Hi! I'm trying to create some relation over Hoare proof trees. For a minimal example, suppose we have

```
Inductive imp :=
| Skip
| Seq (i1 i2: imp).
Inductive MyProp := (* something whose equality is not decidable *).
Inductive hl : MyProp -> imp -> MyProp -> Type :=
| hl_skip :
forall (P: MyProp),
hl P Skip P
| hl_seq :
forall (P Q R: MyProp) (i1 i2: imp),
hl P i1 Q ->
hl Q i2 R ->
hl P (Seq i1 i2) R
| hl_consequence :
forall (P P' Q Q': MyProp) (i: imp),
(P' -> P) ->
(Q -> Q') ->
hl P i Q ->
hl P' i Q'.
Inductive myprop_relation : MyProp -> Prop := (* some relation *).
Inductive hl_myprop_relation: forall (P: MyProp) (i: imp) (Q: MyProp), hl P i Q -> Prop :=
| hl_myprop_skip :
forall P,
myprop_relation P ->
hl_myprop_relation P Skip P (hl_skip P)
| hl_myprop_seq :
forall P Q R i1 i2,
forall (hl1: hl P i1 Q)
(hl2: hl Q i2 R),
myprop_relation P ->
myprop_relation Q ->
myprop_relation R ->
hl_myprop_relation P i1 Q hl1 ->
hl_myprop_relation Q i2 R hl2 ->
hl_myprop_relation P (Seq i1 i2) R (hl_seq P Q R i1 i2 hl1 hl2)
| hl_myprop_consequence :
forall P P' Q Q' i,
forall (implies1: P' -> P) (implies2: Q -> Q') (H: hl P i Q)
myprop_relation P ->
myprop_relation Q ->
myprop_relation P' ->
myprop_relation Q' ->
hl_myprop_relation P i Q H ->
hl_myprop_relation P' i Q' (hl_consequence P P' Q Q' i implies1 implies2 H).
```

But when I'm doing induction over the `hl`

relation, if I use inversion on `hl_myprop_consequence`

, I get nasty dependent type equalities for cases that are recursive. For example, if I try to use inversion on an instance of `hl_myprop_relation P (Seq i1 i2) R (hl_seq P Q R i1 i2 hl1 hl2)`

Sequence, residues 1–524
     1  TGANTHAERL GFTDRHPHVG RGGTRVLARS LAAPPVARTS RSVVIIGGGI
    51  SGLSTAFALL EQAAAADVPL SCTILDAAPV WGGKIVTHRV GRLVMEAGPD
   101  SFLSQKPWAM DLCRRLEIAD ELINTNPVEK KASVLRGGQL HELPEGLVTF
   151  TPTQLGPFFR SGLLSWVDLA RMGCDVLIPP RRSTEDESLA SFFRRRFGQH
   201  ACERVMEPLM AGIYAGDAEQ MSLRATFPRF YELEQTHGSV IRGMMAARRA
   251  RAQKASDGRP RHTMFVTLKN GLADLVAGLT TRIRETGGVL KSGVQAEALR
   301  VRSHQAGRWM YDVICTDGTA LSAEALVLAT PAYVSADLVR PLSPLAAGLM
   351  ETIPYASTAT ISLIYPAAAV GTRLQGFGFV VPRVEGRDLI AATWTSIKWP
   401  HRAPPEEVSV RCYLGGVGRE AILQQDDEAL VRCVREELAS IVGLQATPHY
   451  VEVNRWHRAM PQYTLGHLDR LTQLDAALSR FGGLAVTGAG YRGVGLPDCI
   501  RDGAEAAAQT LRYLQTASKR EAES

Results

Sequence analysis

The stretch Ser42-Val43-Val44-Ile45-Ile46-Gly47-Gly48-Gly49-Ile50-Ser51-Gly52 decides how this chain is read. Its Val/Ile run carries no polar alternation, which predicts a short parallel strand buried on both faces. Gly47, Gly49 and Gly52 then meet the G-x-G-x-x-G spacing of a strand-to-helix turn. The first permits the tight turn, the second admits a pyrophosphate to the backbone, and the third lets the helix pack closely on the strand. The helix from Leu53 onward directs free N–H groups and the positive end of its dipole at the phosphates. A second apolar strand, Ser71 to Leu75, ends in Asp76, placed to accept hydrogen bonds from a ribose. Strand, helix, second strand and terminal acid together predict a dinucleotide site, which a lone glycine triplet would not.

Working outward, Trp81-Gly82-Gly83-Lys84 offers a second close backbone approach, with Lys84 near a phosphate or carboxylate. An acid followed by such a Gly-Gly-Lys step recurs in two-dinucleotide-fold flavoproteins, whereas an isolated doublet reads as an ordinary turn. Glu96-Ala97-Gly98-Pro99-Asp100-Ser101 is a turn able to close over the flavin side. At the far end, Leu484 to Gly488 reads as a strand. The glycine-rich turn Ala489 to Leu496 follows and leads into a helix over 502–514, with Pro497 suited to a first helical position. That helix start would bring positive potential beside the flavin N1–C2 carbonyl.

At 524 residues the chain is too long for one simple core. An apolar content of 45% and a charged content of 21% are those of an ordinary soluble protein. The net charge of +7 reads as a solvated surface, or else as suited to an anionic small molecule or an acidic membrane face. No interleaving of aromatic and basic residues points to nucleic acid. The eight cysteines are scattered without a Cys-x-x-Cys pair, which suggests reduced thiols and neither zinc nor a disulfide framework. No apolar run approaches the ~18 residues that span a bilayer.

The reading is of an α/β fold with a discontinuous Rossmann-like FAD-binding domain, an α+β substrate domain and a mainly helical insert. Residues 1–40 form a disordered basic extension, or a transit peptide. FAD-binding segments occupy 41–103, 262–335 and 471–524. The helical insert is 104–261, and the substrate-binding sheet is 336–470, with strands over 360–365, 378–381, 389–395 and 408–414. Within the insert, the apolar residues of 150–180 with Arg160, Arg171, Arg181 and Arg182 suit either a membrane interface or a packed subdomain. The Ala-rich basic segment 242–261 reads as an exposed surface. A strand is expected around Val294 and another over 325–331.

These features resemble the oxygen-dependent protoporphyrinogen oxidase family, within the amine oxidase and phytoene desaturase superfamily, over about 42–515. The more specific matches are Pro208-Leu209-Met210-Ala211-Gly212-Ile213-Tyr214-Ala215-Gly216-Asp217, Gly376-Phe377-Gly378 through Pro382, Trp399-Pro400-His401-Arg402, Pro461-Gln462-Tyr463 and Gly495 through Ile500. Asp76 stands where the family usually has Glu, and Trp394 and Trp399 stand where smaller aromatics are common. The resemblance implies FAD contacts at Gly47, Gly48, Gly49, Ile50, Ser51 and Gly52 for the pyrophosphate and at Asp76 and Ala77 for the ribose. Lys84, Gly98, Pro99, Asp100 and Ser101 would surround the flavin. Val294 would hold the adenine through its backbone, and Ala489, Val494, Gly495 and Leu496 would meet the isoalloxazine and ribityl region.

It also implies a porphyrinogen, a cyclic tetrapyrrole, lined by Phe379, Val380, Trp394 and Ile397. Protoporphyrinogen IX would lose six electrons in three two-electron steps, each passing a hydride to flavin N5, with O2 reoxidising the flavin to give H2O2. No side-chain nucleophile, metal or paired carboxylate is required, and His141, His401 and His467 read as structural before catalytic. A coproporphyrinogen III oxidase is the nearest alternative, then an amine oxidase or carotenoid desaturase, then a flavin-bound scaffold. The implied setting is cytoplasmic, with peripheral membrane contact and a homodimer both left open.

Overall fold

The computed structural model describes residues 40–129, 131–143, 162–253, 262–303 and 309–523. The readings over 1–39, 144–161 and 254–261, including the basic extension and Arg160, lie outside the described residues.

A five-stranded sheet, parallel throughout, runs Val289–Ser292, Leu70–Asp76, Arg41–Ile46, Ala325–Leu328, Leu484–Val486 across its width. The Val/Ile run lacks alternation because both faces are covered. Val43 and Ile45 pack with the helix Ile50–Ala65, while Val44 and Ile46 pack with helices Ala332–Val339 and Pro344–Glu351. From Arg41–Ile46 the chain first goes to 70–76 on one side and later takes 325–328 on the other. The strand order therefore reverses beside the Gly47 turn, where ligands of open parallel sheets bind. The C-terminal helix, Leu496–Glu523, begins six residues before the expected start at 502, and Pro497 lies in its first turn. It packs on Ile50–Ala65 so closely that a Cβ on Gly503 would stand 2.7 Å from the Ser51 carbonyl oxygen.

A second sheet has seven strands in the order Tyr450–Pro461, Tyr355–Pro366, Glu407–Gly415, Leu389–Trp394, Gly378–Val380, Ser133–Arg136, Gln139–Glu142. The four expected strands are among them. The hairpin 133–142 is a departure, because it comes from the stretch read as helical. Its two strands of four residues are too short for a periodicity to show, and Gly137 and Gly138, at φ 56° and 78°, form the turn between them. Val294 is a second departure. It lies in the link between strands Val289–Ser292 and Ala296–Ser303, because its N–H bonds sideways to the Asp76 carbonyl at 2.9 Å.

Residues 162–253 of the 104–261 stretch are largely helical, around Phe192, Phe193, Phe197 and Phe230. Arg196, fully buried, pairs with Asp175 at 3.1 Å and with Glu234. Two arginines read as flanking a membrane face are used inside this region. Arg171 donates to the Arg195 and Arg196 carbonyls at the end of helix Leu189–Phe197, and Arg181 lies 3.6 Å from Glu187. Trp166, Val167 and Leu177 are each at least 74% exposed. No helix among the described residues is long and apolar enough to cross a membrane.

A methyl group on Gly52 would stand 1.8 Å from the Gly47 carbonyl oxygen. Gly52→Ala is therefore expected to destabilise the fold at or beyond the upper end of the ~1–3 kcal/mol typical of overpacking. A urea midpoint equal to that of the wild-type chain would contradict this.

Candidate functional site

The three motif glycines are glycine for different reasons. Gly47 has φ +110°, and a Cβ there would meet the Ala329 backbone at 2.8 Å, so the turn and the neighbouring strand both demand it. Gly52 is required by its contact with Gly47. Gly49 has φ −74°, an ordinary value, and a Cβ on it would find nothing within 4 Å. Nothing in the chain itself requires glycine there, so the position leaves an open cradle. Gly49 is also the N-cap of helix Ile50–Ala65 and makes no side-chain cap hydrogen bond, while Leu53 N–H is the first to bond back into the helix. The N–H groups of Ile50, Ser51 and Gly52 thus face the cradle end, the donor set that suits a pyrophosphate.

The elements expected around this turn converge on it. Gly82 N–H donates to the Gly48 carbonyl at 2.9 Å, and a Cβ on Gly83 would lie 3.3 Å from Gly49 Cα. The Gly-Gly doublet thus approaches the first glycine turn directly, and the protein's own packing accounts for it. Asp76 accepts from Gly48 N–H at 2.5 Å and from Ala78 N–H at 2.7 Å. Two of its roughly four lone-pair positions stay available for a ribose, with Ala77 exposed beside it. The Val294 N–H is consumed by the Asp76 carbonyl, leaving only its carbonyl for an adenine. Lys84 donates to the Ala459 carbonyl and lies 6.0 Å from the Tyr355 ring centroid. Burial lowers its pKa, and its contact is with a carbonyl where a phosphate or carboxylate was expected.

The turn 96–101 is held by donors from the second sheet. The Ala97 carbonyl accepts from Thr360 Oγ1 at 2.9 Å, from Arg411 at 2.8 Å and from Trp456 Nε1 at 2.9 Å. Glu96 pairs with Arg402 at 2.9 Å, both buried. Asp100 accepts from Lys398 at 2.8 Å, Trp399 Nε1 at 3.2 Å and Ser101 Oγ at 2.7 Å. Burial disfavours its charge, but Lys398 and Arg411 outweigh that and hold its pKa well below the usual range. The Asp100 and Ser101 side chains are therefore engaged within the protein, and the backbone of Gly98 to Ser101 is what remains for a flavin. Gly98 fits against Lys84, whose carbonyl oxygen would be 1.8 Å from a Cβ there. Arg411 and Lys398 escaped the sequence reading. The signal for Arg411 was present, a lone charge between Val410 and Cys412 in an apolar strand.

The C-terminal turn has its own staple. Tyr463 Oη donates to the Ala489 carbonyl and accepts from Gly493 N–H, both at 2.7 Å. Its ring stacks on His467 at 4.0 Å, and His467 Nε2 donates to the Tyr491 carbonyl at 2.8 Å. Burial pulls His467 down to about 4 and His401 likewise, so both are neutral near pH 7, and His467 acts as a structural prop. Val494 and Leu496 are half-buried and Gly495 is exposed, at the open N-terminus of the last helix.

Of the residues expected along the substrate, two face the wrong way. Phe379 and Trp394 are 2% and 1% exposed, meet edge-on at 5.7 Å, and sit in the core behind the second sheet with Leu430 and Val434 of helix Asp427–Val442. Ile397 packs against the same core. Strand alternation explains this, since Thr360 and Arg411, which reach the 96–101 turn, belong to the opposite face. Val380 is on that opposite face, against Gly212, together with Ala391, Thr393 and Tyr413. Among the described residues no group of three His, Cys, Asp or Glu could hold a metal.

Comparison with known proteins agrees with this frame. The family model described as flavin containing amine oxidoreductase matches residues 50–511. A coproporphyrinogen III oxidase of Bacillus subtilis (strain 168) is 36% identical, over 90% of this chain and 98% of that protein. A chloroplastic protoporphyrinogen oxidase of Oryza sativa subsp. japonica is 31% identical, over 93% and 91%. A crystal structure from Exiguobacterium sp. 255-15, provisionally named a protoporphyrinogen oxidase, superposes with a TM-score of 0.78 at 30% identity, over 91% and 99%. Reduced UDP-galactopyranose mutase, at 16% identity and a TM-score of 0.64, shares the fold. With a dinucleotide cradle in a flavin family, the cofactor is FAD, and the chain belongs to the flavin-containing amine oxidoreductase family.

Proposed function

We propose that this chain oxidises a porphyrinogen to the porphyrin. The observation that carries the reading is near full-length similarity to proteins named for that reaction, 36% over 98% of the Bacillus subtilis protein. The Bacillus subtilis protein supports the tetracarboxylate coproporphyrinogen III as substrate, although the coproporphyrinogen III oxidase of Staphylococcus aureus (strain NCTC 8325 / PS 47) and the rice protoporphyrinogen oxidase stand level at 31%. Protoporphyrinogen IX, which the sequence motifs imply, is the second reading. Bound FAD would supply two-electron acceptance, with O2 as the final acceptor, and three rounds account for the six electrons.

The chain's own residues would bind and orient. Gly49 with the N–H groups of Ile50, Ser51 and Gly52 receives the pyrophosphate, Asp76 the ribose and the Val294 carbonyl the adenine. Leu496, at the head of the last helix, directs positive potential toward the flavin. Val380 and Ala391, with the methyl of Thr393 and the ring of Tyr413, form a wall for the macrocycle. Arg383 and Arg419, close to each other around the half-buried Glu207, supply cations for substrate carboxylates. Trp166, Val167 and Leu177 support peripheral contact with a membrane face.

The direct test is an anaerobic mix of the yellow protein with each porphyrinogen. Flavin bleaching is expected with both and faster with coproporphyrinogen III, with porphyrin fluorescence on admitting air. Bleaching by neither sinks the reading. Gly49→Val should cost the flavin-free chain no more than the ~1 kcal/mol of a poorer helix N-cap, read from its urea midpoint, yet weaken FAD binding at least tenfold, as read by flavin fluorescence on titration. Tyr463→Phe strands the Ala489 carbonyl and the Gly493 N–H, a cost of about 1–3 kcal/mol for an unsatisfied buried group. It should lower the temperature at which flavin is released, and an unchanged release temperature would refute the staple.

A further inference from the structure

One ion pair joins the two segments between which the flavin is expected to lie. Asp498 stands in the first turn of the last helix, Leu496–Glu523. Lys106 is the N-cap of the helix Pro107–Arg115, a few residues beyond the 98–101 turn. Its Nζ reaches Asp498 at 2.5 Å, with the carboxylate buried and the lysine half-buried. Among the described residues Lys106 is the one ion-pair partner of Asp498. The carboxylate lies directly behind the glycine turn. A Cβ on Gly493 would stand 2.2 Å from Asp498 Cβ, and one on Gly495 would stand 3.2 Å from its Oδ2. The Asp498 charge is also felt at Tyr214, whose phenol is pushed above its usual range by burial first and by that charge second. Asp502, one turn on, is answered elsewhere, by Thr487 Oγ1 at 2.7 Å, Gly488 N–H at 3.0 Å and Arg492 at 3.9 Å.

, I get an equality like

```
hl4: hl P i1 R
hl5: hl R i2 Q
H: existT (fun P: MyProp => {R: MyProp & {i1: imp & hl P i1 R}}) P
(existT (fun R: MyProp => {i1: imp & hl P i1 R}) R
(existT (fun i1 => hl P i1 R) i1 hl4)) =
existT (fun P: MyProp => {R: MyProp & {i1: imp & hl P i1 R}}) P
(existT (fun R: MyProp => {i1: imp & hl P i1 R}) R
(existT (fun i1 => hl P i1 R) i1 hl1))
```

and inversion_sigma doesn't produce anything that I can do anything with.

How can I avoid these dependent equalities? I tried changing `hl`

so it injected into `Prop`

instead of `Type`

, but then I was unable to use induction on `hl`

at all.

You can try `dependent destruction`

https://coq.inria.fr/distrib/current/refman/proofs/writing-proofs/reasoning-inductives.html#dependent-induction-examples

Another way may be to make `P`

and `Q`

parameters instead of indices

```
hl_myprop_relation (P Q : MyProp) : forall (i : imp) -> hl P i Q -> Prop
```

This helps more with destruction rather than induction, but it has the advantage of not assuming the UIP axiom (which `dependent destruction`

does).

If UIP is a concern, IIRC one can also use replacement tactics from Coq-equations...

To suggest a different approach: my experience has been that in cases like this it may be easier to add an index to everything and define the relations using that index, so that `hl`

can go to `Prop`